The pace of business has never been so fast, which is why this summary has been designed so it can quickly inspire you at home, in an airport or on the go. You can download the report now, absolutely free.

Download the report

Continue the conversation with our free Management Now webinar, focusing on the challenges that face managers today and the demands of the future. Our free one hour webinar will take place on Wednesday 12 November 2014 at 19:00 (GMT).

The online webinar will introduce video highlights from the Business Perspectives thought leaders roundtable discussion, held in London on Tuesday 21 October. During the webinar, we’ll draw on the contributions from our roundtable discussion and further develop these discussion points. You can contribute via our live online polls and Q&A forums.

Register for the webinar

We invite you to download and share the report and send us any comments. If you would like to contribute your perspective towards future themes, please contact our Business Perspectives Editor.

Skills Shortage Looming Reply

Around the world, governments are predicting serious employment challenges relating to a pending shortage of key skills. The UK Commission for Education and Skills (UKCES) contributes to policy and research on employment and in its report, Working Futures 2012-2022, predicts that by 2022, two million vacancies requiring higher level skills will arise.

In another recently published report, The Employer Skills Survey, UKCES estimates that 20% of all vacancies arise when employers cannot find people with the skills and qualifications they need yet almost half of all businesses surveyed say they have employees with skills and qualifications that are not being fully used at work. Just as the business context moves on, so do the skills necessary to meet them. And where people have skills but are underutilised, they too move on.

There are predicted consequences and implications of this impending shortage including:

  • heavier workload for other staff required to cover the gap
  • increased operating costs
  • difficulties in meeting quality standards
  • greater difficulty in introducing new working practices

What can be done to address this and how does it impact on HR, L&D departments and the companies and institutions that design and deliver development programmes for them?

Perhaps predictably, over three-quarters of those employers who identified a skills gap are trying to overcome them by increasing their investment in training, greater staff supervision and development on the job and more regular and better connected appraisal activity. Yet a quarter have not yet acknowledged any danger.

What Needs to Change?
The increasing alignment in many organisations between strategic business priorities and investment in L&D will, among other things, help to avert a major skills shortage.

Increasingly L&D professionals are more closely aligned to business strategy generally and more so with HR systems and processes. This enables them to identify and make a more powerful case for investing in the skills and knowledge to sustain their organisations through turbulent times.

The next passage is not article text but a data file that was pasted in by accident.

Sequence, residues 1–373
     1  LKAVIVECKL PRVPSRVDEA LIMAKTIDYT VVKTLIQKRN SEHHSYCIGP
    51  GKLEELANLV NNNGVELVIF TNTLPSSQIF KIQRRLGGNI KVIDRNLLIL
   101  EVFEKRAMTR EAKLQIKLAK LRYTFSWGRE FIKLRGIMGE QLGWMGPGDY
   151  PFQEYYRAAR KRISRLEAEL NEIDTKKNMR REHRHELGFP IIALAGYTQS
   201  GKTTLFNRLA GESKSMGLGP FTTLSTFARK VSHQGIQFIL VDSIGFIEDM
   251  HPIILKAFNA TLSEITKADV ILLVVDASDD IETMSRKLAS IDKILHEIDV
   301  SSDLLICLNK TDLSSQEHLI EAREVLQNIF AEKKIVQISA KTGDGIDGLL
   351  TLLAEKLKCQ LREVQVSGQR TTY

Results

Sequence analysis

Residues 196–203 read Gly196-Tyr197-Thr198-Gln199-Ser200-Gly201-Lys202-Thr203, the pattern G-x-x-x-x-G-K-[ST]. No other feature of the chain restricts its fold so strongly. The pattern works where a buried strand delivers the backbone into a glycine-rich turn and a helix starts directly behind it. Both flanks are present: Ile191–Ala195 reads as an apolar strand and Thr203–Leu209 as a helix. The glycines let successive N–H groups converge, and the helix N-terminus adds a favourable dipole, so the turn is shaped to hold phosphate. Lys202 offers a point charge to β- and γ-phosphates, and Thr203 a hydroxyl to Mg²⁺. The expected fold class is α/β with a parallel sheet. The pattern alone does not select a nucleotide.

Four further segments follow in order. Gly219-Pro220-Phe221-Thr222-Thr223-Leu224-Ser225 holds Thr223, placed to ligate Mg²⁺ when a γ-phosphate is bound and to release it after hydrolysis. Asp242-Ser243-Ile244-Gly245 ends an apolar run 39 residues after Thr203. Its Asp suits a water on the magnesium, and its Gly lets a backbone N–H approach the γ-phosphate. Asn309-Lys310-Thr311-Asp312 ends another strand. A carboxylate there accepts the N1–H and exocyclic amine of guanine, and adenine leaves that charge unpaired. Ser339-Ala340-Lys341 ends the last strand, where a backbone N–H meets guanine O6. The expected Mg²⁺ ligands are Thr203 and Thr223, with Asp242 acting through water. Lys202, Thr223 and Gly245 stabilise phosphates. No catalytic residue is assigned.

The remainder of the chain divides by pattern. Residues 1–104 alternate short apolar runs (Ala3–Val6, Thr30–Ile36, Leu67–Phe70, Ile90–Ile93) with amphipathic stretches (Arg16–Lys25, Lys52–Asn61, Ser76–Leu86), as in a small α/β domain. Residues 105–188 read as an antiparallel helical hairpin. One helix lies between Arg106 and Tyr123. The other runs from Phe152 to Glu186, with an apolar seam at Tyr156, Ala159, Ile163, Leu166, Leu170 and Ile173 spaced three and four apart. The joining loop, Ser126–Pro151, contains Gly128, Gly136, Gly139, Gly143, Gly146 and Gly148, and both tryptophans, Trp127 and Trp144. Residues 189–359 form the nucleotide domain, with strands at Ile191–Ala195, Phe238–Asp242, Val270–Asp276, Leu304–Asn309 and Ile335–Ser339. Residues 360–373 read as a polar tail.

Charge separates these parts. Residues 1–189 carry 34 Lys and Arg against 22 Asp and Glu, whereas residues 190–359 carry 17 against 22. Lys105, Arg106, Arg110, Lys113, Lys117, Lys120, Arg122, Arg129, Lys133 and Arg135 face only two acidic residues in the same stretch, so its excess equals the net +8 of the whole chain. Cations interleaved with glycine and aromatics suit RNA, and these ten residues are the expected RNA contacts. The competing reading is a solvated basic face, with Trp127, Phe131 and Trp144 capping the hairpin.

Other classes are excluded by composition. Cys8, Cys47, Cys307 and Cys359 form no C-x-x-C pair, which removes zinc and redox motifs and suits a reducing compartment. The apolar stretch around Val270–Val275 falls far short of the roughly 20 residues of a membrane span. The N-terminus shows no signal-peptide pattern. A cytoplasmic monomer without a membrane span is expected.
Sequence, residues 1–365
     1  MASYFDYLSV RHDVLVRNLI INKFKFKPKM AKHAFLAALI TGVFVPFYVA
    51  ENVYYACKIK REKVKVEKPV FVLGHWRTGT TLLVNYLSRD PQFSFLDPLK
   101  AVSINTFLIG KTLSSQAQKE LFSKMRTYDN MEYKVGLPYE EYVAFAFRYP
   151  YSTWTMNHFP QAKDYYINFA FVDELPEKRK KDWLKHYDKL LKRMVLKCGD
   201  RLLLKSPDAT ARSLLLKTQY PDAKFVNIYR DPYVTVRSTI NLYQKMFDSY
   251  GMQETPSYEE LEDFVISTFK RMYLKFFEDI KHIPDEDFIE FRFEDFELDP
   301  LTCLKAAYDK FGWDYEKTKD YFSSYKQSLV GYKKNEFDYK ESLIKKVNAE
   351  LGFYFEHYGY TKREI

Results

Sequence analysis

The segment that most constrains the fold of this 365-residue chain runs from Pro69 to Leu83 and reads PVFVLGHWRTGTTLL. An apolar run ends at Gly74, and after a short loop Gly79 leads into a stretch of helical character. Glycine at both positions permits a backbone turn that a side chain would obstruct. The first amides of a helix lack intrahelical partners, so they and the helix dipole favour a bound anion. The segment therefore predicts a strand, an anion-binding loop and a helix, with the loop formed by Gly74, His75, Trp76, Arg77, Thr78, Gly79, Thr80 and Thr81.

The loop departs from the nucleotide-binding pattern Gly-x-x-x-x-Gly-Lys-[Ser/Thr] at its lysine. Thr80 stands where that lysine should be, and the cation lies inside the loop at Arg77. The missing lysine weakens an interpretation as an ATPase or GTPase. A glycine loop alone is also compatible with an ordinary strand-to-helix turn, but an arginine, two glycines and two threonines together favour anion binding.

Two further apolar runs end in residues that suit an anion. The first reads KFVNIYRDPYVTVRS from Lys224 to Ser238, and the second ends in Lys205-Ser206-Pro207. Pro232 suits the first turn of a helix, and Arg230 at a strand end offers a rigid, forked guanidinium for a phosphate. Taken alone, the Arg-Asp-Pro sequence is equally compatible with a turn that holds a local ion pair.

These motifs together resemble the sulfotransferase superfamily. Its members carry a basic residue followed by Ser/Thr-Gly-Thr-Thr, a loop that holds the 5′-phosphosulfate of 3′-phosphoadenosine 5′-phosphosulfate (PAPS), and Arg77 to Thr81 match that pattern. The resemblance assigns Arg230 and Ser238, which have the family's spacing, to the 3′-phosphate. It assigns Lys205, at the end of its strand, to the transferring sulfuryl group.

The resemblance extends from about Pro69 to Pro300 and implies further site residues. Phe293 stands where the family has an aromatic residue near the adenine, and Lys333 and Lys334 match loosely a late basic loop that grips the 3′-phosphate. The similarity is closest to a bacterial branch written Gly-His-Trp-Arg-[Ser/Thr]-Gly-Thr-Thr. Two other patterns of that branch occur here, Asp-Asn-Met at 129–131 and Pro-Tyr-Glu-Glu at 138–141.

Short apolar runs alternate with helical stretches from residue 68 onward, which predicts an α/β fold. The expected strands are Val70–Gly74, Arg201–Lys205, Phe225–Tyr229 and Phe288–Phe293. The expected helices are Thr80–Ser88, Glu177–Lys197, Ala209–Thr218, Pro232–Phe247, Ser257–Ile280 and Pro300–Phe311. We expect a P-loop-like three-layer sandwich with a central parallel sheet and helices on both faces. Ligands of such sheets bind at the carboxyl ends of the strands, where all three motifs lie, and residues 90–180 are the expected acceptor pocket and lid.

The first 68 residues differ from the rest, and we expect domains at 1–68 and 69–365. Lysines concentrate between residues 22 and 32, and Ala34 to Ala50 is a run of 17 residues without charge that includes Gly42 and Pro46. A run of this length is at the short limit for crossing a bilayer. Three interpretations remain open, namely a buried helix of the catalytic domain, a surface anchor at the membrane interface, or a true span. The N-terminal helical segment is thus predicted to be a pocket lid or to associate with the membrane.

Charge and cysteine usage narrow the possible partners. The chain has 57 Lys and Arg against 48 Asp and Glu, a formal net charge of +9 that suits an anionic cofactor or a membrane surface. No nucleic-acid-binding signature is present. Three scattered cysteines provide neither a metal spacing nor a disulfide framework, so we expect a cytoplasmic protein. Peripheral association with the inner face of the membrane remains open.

Many other changes are also taking place reflecting a more strategic approach to L&D:

  1. Greater emphasis is being placed on the measurement and analysis of the inputs and outcomes of development interventions.
  2. L&D departments are working more closely with line managers to upskill them in how to identify their training needs, create L&D plans and follow up programmes to embed learning.
  3. Investment in management training is supporting talent development and retention, while upskilling and encouraging more facilitative approaches amongst more experienced managers.
  4. This stronger dialogue with managers helps to align future programmes with anticipated skills gaps.
  5. More robust and objective evaluation of existing programmes is being undertaken to establish which offer value for money and added value to the business. Those that don’t may need rework; those that do may need to be carefully protected even when budgets need to be cut.
  6. Clearer longer term succession planning and better identification of those employees that could fill vacancies with some training and support. Good induction and follow-up programmes that help to ensure that new employees have training plans in place to get up and running as soon as possible and development plans for the future.
  7. Seek ways to enhance the efficiency of programmes. For example could a more blended learning approach with a significant work based element make learning more accessible and readily applicable. Linking programmes to live priorities not only provides a rich seam of data about the impact on the business but is often seen as win-win by participants and managers and a more efficient use of precious time.

This content originally featured on HR Magazine, an online HR publication for people-focused, forward-thinking, business leaders who want insight into, and examples of, business-contextualised HR to develop high-performing organisations.